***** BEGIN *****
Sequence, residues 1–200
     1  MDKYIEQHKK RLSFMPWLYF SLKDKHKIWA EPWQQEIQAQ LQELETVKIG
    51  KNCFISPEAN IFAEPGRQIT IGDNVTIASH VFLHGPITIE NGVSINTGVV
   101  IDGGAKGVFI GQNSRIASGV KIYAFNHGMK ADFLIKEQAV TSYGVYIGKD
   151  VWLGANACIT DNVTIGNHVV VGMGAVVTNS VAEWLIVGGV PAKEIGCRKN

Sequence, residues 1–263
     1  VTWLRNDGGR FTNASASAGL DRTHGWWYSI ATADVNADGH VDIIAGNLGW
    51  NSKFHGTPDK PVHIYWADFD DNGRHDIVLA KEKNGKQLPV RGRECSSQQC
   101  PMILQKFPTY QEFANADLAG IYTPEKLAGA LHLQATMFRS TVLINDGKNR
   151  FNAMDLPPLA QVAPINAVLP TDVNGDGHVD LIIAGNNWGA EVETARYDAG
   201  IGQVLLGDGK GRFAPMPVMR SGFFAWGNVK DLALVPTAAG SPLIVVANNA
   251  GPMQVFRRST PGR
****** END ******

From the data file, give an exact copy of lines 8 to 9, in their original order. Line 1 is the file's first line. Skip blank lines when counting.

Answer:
    51  NSKFHGTPDK PVHIYWADFD DNGRHDIVLA KEKNGKQLPV RGRECSSQQC
   101  PMILQKFPTY QEFANADLAG IYTPEKLAGA LHLQATMFRS TVLINDGKNR